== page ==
Which is better, DISH+Netflix or DIRECTV+On Demand?

If you thought the war was over, you’re wrong – it’s just begun. DISH and DIRECTV have been fighting for supremacy over the skies since the 1990s and the battles just keep getting bigger. The best part of course is that the customer is the real winner.

Today let’s take a look at the streaming side of things. DIRECTV has been building an on-demand library since the mid-2000s that now includes tens of thousands of free titles, while DISH recently partnered with Netflix, integrating that service into Hopper DVRs. DIRECTV offered YouTube videos for many years but stopped doing so last year, while DISH will be offering YouTube in its newer Hoppers this year. Who’s right? Which approach makes more sense?

The DIRECTV approach
Since 2003 when DIRECTV started offering their own branded hardware, they’ve been on a control binge. First they standardized hardware, then started developing their own software. Although there was YouTube and Pandora support, pretty much everything else in the DIRECTV ecosystem is homegrown. Not all of it has been a real winner — its media sharing was really subpar and they really haven’t put any focus into that.

The same approach has worked for them with programming. Starting with their slate of original programs on the Audience Network (originally called Channel 101) they’ve built a stable of content you can’t get anywhere else. While they were conquering live programming, they went to work building a massive on-demand infrastructure. Their data centers hold hundreds of terabytes of programming and stream it to customers all over the country. Pretty much every major channel has an on-demand presence and it’s easier than ever to get the programs you want with curated content like the “Missed it? Watch Now” section of most on-demand pages. This highlights the stuff that’s aired in the last 72 hours and gives customers a chance to catch up.

The DISH approach
DISH went a different way. They never really had a strong on-demand selection, but Hopper’s PrimeTime Anytime system gives you the ability to catch up with network programming that’s recently aired and in many cases skip commercials. (DIRECTV’s Watch Now selection often includes mandatory commercials.) The big win for DISH, however, is the inclusion of Netflix into their DVRs. Netflix is hands down the largest streaming service with more choices than any other. Integrating Netflix gives customers the option to easily jump back and forth between streaming and non-streaming programming within the same box, making for a cleaner install and a better experience for everyone. Of course, there is an extra charge for Netflix, and they’re no extra charge for DIRECTV On Demand if you’re already paying the Advanced Receiver Services fee.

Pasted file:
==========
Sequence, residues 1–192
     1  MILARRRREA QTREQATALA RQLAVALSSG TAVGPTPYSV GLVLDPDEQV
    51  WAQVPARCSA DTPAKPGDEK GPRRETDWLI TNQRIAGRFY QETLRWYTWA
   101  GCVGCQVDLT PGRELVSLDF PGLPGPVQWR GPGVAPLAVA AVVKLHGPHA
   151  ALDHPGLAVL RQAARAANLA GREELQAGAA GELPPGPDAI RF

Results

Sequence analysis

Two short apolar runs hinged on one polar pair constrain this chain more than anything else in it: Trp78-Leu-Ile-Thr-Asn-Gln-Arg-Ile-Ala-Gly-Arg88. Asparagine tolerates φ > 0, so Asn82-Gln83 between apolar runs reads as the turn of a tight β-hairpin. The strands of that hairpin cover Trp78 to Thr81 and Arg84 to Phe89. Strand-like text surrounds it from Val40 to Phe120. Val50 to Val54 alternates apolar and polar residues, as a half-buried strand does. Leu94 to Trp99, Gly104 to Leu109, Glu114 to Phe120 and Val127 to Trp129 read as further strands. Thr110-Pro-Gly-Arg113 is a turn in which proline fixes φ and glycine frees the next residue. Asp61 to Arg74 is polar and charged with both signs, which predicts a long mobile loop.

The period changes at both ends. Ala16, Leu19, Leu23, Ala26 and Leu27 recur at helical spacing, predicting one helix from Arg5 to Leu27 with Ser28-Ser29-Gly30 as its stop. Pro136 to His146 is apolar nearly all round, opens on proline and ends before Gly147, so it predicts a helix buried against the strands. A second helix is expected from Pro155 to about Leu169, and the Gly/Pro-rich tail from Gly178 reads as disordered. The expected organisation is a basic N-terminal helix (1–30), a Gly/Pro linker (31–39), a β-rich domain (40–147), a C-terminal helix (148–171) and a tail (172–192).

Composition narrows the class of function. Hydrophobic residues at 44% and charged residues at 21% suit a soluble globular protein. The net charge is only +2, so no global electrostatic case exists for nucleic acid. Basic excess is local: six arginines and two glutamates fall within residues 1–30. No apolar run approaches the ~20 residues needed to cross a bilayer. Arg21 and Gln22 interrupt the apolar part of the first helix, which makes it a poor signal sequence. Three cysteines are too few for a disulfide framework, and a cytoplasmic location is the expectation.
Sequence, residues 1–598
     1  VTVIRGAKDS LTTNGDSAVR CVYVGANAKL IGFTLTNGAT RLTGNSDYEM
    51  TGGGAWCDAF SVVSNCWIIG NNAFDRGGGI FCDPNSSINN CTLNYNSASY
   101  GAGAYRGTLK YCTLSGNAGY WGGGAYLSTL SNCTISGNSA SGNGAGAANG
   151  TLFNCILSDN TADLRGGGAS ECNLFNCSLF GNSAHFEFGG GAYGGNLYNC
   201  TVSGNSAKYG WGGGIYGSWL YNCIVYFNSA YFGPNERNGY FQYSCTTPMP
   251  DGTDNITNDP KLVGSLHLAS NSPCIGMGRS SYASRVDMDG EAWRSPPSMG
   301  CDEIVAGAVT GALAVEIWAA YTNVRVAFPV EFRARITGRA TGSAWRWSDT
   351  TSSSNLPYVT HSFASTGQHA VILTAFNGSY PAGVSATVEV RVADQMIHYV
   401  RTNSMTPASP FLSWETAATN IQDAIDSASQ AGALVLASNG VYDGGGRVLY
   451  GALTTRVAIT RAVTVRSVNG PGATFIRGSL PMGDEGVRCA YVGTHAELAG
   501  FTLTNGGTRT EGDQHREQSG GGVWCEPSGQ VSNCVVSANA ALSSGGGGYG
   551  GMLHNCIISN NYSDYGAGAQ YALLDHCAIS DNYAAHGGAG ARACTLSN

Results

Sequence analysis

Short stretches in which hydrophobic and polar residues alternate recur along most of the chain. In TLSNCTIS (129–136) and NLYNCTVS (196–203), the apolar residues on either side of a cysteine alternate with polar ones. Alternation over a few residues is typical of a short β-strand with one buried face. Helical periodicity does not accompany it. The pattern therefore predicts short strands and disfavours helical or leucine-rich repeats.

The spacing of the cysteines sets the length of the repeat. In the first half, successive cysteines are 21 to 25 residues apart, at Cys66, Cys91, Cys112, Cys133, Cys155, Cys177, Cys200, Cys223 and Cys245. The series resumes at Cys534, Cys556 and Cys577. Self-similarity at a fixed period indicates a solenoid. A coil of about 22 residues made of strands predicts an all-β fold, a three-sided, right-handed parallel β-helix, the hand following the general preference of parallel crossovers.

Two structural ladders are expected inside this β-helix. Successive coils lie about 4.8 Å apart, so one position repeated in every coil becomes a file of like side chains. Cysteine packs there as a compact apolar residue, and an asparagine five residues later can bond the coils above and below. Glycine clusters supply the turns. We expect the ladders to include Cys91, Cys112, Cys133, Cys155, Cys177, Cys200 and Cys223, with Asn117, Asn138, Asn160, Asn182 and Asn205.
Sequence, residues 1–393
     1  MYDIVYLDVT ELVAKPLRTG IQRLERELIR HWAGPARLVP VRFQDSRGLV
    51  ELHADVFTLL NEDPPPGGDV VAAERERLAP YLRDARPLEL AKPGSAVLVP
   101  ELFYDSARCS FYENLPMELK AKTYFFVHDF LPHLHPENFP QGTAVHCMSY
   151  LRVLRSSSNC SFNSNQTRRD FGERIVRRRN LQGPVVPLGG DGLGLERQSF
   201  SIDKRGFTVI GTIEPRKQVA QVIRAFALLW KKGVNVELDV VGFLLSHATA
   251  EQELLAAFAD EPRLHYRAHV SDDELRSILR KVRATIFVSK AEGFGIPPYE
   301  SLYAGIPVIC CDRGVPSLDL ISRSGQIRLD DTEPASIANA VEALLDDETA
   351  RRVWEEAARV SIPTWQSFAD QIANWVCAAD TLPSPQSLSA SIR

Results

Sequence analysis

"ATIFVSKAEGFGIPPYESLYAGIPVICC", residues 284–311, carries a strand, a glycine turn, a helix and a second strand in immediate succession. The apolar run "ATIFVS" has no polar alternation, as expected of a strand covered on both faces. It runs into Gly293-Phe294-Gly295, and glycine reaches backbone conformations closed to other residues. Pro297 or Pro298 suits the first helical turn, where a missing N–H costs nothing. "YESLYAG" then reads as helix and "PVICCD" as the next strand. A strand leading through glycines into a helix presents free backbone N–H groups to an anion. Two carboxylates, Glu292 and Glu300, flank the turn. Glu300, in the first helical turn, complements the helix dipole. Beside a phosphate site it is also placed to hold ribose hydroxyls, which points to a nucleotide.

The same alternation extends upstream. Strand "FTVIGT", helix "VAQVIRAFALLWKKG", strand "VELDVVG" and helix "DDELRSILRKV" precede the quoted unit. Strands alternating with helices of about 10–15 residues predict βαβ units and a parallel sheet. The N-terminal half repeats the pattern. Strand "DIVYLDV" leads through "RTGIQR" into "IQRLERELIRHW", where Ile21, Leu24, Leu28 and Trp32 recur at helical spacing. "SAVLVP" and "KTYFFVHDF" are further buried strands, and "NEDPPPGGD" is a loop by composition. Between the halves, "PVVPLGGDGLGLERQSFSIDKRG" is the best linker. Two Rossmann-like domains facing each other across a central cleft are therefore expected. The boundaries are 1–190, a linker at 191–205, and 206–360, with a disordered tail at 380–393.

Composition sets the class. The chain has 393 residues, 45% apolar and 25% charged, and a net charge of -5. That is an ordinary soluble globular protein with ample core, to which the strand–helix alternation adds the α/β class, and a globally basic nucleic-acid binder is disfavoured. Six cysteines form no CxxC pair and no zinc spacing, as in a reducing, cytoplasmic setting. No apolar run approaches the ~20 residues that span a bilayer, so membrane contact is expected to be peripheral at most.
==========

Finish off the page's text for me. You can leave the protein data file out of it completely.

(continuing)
The best part of the Netflix experience is adaptive streaming, which automatically adjusts the picture quality to compensate for internet congestion. DIRECTV’s streams don’t do this, and the result is that a burst of internet congestion sometimes results in a stopped program.

Which is best?
All I can do is offer my opinion here. Certainly some people are going to say that the one-box approach that DISH offers is the better one, because it’s cleaner and keeps the customer using a single remote. There’s a benefit to that, but it’s also not a huge burden to get a universal remote these days.

For my money (I know this won’t be a huge surprise) I’ll choose DIRECTV. With a DIRECTV-ready TV, you have a single remote, a single interface, and you get access to both Netflix and DIRECTV On Demand. Even with a regular TV, you can easily switch sources and have both if you want. Not only that, but DIRECTV On Demand gives you access to the content you’re already looking for, back catalog programs from your favorite networks, and gives you access to premium content during free previews.

When it’s all said and done, I want it all — and there’s only one way to get both DIRECTV On Demand and Netflix. Get DIRECTV.

About the Author

Stuart Sweet
Stuart Sweet is the editor-in-chief of The Solid Signal Blog and a "master plumber" at Signal Group, LLC. He is the author of over 8,000 articles and longform tutorials including many posted here. Reach him by clicking on "Contact the Editor" at the bottom of this page.